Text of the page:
Edit: Forgot about Monster. I liked that too, so I guess my interest began to wane after that.
 

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It's when they went from IRS to Warner Brothers and "sold out," man - the great Generation X sin. And then Green was poppy with Orange Crush and Stand and the hipsters abandoned them. For my part, I loved Green (particularly the Untitled track at the end of Side 2), Out of Time and Automatic for the People before my interest slowly waned. But when I listen to them now, I generally end up going back to Murmur and Reckoning.

Edit: Forgot about Monster. I liked that too, so I guess my interest began to wane after that.
Sorry - I was talking about the Pixies. R.E.M.'s move to Warner Brothers was clearly their "sell out" moment, yeah. Hell, some REALLY early fans of the band think they "sold out" when Stipe's vocals became decipherable.

Warner Brothers era R.E.M. is just uneven. I don't really think there's a perfect album in the lot, though Automatic for the People comes the closest. For the most part, they're alright albums that are prevented from being truly great by a handful of songs. "Radio Song" and "Shiny Happy People" fucking suck. But "Losing My Religion" and "Country Feedback" are incredible.
 

jmcc5400

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Sorry - I was talking about the Pixies. R.E.M.'s move to Warner Brothers was clearly their "sell out" moment, yeah. Hell, some REALLY early fans of the band think they "sold out" when Stipe's vocals became decipherable.

Warner Brothers era R.E.M. is just uneven. I don't really think there's a perfect album in the lot, though Automatic for the People comes the closest. For the most part, they're alright albums that are prevented from being truly great by a handful of songs. "Radio Song" and "Shiny Happy People" fucking suck. But "Losing My Religion" and "Country Feedback" are incredible.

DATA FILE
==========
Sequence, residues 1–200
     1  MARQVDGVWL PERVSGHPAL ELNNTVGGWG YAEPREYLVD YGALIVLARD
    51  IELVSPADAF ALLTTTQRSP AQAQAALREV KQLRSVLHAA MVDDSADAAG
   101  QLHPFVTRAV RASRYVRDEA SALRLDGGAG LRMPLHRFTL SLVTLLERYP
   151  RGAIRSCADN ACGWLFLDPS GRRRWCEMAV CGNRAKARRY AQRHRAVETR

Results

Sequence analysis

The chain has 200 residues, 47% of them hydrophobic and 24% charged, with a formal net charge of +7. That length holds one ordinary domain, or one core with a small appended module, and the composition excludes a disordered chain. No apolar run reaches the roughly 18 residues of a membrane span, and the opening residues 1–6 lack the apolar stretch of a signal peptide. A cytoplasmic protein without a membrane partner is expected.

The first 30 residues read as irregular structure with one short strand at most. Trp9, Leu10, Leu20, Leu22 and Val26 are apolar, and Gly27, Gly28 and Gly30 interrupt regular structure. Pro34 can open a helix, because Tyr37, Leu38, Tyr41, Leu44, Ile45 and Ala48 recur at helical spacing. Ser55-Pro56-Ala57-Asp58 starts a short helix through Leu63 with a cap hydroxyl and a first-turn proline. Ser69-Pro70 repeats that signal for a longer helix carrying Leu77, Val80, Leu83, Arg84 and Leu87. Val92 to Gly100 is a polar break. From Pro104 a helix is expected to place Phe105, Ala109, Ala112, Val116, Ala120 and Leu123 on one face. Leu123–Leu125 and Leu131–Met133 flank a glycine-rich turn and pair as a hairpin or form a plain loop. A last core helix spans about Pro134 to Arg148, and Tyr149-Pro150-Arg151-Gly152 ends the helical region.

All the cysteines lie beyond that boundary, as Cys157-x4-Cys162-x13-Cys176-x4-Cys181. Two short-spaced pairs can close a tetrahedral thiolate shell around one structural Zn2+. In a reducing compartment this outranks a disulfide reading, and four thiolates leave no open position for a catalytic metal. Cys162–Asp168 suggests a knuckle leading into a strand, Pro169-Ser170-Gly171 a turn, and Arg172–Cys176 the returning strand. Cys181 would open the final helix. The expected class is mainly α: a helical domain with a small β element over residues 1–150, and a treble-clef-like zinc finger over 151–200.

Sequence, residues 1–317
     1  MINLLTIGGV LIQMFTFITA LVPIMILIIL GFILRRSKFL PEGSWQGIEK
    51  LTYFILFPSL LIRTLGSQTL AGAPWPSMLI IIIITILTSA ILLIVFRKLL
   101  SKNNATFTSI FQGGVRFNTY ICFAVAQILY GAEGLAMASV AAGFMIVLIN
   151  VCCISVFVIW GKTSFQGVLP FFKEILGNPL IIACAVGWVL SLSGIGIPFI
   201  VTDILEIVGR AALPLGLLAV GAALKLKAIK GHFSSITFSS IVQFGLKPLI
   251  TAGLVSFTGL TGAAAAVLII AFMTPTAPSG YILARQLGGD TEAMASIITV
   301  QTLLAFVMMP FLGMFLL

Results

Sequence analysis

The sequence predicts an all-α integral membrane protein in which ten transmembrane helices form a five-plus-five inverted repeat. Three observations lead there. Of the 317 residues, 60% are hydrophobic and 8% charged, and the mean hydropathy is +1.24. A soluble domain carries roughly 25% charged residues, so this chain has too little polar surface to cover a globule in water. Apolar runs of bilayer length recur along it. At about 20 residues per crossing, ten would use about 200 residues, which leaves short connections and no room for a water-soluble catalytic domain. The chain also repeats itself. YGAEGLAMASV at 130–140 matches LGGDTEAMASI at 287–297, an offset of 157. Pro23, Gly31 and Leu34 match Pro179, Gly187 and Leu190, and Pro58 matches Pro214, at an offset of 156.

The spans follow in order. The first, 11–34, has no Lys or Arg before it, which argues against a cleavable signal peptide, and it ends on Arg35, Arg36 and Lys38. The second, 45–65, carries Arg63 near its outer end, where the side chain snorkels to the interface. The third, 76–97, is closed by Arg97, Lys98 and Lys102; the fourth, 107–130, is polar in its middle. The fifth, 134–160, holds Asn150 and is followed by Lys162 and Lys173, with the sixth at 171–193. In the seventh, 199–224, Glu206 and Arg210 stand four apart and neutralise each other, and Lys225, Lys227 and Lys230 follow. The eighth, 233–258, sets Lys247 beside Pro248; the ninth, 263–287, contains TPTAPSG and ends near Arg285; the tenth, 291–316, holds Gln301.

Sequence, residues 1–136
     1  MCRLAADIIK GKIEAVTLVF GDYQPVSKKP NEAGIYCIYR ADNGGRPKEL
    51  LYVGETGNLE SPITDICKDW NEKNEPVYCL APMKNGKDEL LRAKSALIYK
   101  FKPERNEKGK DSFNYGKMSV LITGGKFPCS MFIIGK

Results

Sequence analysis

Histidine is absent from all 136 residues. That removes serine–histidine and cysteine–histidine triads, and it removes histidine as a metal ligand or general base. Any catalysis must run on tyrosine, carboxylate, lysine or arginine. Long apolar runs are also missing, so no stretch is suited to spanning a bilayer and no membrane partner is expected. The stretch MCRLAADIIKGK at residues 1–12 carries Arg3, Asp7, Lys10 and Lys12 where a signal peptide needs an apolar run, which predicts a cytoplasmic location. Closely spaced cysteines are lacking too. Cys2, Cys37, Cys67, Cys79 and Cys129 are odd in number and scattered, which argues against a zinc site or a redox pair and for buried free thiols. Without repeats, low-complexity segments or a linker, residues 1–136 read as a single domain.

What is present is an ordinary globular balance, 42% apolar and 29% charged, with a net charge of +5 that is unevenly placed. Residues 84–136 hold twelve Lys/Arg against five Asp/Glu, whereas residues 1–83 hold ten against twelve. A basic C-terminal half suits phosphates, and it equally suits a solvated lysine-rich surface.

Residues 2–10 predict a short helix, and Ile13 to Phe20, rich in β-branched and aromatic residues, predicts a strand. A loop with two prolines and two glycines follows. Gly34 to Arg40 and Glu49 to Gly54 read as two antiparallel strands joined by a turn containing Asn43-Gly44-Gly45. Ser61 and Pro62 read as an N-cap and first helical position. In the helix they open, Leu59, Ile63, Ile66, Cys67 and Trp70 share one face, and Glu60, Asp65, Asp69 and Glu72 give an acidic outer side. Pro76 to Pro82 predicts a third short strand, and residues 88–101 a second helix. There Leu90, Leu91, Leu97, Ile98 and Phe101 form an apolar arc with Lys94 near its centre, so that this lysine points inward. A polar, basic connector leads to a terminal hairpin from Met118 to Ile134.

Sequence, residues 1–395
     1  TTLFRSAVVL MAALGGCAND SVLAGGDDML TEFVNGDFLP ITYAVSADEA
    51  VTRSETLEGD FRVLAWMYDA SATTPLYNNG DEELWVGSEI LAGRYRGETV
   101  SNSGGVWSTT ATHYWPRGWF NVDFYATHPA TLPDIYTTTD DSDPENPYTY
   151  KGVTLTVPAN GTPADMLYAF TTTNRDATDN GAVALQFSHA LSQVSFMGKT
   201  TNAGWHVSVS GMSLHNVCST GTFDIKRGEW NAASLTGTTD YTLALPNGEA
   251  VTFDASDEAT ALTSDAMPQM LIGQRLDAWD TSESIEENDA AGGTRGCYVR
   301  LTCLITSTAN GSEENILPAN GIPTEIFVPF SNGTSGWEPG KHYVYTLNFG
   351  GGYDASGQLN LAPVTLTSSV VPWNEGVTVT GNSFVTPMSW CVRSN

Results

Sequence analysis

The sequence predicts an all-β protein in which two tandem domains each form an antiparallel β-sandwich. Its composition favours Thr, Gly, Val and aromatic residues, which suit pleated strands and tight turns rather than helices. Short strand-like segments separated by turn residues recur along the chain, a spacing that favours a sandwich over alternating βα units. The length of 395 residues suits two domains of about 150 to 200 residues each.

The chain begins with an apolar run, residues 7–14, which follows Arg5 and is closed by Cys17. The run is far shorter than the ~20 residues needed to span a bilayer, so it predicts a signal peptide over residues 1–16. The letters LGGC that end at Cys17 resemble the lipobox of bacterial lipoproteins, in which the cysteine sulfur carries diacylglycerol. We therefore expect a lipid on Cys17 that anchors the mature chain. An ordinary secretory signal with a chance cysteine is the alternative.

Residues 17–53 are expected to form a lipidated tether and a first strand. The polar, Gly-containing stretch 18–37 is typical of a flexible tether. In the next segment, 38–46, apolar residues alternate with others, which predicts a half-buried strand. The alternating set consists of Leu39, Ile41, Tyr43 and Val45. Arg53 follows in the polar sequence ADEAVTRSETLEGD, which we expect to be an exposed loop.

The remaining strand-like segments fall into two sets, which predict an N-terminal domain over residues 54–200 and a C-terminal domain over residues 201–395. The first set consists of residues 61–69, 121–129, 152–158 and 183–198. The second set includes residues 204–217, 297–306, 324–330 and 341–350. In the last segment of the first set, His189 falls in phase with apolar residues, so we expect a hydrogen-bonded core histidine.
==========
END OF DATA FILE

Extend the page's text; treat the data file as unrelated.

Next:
Yeah, I think the run from Half a World Away to Me in Honey at the end of Out of Time is gorgeous. But Radio Song, Shiny Happy People and Endgame are skips.
 

ernieshore

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New Adventures was a nice surprise to me. I really like that album - and as I remember, I had no idea it was coming out until it was released. And I never listened to Up and Reveal much when they were released, but they are albums I play now quite a bit when I am working.

I've seen Peter Buck and Mike Mills a few times live with some of their side projects (and one reunion benefit with Bill Berry) -- it's been neat to see them doing whatever they want off the radar. Talked with Mills for a bit once and he was very nice. I only saw the full R.E.M. band once* and that was during the Monster tour and I was disappointed, so those experiences have given me a nice wrap-up to my lifelong fandom.

(* screw the guy in high school who didn't get me tickets to the Life's Rich Pagent tour, as he promised me).
 

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This is obviously strictly imo, but Document to New Adventures in Hi-Fi is peak REM, and they never were quite able to recover from Berry leaving the band. Though, there is some good stuff on their last two albums.
 

pjheff

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This is obviously strictly imo, but Document to New Adventures in Hi-Fi is peak REM, and they never were quite able to recover from Berry leaving the band. Though, there is some good stuff on their last two albums.